In the ensuing 10 years, social media would go on to play a vital role in almost every meaningful uprising around the world: Euromaidan in Ukraine, the Yellow Vests in France, the democracy activists in Hong Kong, the demonstrations in Chile and Nicaragua and, most recently, the Black Lives Matter demonstrations in the U.S., the #MeToo movement and the protests against the rigged election results in Belarus.

But the ugly side of this powerful tool is becoming increasingly visible. In India, rumors spread via WhatsApp led to deadly eruptions of violence. In Myanmar, according to human rights groups, online incitement campaigns against the Rohingya minority contributed to murder, rape and expulsions. In European democracies like Poland, France and Britain, social media platforms have fueled populism.

And as spontaneous as many of these eruptions have seemed, they are often extremely well organized. The mob in the U.S. also organized online ahead of Jan. 6.

"Who all will be in D.C. on the 6th?" wrote a user on the alternative platform Parler on the Sunday before the attack on the Capitol. A response came from a leader of the right-wing militia known as Proud Boys: "The Proud Boys will turn out in record numbers," he wrote. "We will be incognito and we will spread across downtown DC in smaller teams."

It was just one of the posts included in the weeks of planning ahead of the operation – planning that was open for all to see. One flyer circulating on Instagram and Facebook carried the title: "Operation Occupy the Capitol."

Radical Trump followers didn't just use the platforms of Silicon Valley tech giants. Right-wing extremists and conspiracy kooks have long since discovered alternative providers like the forum TheDonald and, of course, Parler.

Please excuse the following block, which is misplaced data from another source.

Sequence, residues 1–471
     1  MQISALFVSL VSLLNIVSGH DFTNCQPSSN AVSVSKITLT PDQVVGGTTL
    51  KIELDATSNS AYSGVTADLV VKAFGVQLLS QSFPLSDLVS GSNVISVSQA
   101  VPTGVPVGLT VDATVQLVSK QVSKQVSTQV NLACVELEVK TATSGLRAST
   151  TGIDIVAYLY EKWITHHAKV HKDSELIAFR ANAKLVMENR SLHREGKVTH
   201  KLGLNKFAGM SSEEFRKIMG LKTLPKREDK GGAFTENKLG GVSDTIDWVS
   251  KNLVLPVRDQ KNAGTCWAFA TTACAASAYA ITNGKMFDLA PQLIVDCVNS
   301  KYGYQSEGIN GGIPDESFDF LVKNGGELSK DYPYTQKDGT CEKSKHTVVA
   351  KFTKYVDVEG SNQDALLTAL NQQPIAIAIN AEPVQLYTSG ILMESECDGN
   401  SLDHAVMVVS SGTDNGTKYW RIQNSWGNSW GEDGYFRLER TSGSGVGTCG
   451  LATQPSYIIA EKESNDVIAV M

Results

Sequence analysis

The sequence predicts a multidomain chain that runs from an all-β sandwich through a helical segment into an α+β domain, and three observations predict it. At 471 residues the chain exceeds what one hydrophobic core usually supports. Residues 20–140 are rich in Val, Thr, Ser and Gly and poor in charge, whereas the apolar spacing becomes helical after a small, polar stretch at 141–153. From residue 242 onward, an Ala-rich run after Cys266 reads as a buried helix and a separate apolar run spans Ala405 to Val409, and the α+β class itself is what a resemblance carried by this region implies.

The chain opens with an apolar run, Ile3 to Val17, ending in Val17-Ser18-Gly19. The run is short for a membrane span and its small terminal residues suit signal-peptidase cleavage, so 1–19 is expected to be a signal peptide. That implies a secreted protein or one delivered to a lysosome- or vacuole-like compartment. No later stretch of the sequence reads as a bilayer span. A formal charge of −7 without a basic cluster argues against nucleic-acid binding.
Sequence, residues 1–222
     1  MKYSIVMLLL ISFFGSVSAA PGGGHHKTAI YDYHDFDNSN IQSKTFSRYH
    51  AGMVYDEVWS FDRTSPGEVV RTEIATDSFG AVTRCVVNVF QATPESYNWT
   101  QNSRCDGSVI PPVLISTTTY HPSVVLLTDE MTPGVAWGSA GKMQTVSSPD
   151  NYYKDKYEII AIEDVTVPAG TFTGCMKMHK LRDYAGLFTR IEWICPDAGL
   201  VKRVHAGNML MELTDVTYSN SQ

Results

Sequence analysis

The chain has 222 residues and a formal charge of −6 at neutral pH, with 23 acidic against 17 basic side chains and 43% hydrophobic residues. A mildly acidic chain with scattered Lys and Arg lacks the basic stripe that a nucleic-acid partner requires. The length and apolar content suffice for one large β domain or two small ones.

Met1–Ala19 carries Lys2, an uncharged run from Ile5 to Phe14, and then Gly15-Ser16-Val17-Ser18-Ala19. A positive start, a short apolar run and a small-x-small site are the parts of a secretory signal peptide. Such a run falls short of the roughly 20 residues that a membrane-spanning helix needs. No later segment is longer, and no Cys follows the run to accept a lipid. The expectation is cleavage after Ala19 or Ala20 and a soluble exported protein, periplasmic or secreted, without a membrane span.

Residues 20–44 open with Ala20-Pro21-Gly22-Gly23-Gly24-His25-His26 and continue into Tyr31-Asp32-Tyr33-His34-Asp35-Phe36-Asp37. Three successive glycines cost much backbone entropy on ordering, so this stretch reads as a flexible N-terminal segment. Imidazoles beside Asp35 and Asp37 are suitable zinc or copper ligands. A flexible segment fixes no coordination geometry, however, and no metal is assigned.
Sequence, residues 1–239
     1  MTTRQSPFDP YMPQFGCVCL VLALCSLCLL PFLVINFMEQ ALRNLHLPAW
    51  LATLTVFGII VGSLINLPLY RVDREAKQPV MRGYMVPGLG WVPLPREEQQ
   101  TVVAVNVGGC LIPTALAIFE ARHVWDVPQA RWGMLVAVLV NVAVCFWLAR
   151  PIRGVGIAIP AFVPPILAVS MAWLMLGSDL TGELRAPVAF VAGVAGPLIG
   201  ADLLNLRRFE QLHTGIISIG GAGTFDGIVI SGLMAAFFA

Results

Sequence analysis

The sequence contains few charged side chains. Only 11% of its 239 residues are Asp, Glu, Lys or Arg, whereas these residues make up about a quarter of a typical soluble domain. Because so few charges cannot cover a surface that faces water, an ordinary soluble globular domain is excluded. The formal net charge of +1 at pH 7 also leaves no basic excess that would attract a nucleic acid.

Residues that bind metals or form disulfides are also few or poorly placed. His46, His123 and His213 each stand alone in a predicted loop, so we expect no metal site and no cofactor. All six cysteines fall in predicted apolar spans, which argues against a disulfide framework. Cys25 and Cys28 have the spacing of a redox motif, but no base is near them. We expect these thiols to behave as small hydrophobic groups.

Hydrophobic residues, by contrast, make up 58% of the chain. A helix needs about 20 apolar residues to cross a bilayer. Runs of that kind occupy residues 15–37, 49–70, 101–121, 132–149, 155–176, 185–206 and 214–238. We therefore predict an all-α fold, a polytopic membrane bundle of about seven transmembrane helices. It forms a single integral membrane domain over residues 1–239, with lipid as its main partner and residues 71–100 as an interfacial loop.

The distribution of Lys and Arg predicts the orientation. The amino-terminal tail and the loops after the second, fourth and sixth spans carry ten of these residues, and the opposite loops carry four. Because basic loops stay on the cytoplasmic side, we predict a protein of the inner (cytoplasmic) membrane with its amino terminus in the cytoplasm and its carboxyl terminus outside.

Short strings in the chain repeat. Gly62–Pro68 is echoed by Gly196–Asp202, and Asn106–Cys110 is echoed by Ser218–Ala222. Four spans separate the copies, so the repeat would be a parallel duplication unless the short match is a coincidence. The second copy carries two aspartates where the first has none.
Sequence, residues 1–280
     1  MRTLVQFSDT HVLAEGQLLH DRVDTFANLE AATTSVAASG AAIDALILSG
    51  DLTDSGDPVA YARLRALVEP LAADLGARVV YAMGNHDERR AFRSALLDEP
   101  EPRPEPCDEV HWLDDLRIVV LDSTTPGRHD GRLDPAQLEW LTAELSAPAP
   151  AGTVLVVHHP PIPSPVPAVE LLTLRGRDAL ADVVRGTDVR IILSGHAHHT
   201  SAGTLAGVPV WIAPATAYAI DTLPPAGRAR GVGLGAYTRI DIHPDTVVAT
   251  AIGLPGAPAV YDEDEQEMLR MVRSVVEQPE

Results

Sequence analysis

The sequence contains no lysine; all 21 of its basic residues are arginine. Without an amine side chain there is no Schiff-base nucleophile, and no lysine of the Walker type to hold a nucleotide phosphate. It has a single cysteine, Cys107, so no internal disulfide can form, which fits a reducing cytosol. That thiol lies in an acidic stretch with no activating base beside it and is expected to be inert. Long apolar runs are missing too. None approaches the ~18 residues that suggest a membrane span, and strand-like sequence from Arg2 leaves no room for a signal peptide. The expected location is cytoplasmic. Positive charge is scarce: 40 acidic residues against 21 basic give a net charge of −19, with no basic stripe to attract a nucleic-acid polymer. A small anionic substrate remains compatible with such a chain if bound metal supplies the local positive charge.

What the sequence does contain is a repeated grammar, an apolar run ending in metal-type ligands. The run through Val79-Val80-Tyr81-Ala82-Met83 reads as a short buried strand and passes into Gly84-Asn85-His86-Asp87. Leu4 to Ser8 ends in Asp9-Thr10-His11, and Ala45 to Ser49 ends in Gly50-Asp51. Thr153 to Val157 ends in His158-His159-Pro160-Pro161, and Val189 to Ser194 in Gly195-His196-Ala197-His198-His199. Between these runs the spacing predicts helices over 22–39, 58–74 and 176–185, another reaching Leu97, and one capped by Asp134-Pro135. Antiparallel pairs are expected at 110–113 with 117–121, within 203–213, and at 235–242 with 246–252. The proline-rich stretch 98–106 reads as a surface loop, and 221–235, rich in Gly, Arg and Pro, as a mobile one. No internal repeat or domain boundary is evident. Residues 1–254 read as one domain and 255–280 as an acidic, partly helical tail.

In addition to ideologic screeds, those platforms were also sites for concrete planning and logistics. Rideshares were organized and overnight stays arranged. And explanations were posted for circumventing Washington, D.C.'s relatively strict weapons laws. Just how ready some were for violence can be seen in a post where a user talks about bidding a precautionary farewell to her mother. "It said I had a good life…. If we have to storm the Capitol, I am going to do it," she wrote.

In the months preceding the attack on the Capitol, no other network in the U.S. proved as attractive among right-wing extremists – and among those in the process of radicalizing – as Parler. When Facebook quickly blocked a group of more than 300,000 members called Stop the Steal immediately after the presidential election, it's members simply migrated to the competition. According to Parler head John Matze, fully 4.5 million new users registered for the platform within just four days following the election.

Facebook CEO Mark Zuckerberg

Facebook CEO Mark Zuckerberg

Foto: The NewYorkTimes/Redux/laif

Matze had repeatedly touted his platform as a safe harbor for "free speech" – and Parler rapidly became a cesspool of anti-Semitism, racism and right-wing extremism. Followers of right-wing militias have Parler accounts, but so, too, do far-right politicians like Ted Cruz and lawyers in the Trump orbit.

Parler played a decisive role in the storming of the Capitol. An analysis of its users' geodata clearly show that they uploaded videos from inside the Capitol building. "Where are the traitors?" a man yells into a megaphone in one of the clips. "Take me to the traitors!"

The platform didn't survive for long, though. Just five days after the attack on the Capitol, the posts disappeared from the internet. Parler is now offline.

The Silicon Valley-based platforms, meanwhile, simply deleted the accounts of the arsonist and his extremist followers. First, Twitter and Facebook blocked Trump's account, with YouTube quickly following with a temporary ban on new videos from Trump. The cloud service provider Salesforce then limited the Republican Party's ability to use its mass email services. Parler, whose membership had grown to 15 million users, was hit especially hard. Google and Apple threw the platform out of its app stores, while Amazon blocked Parler from using its cloud service AWS, where Parler data was stored. The reason: insufficient content controls.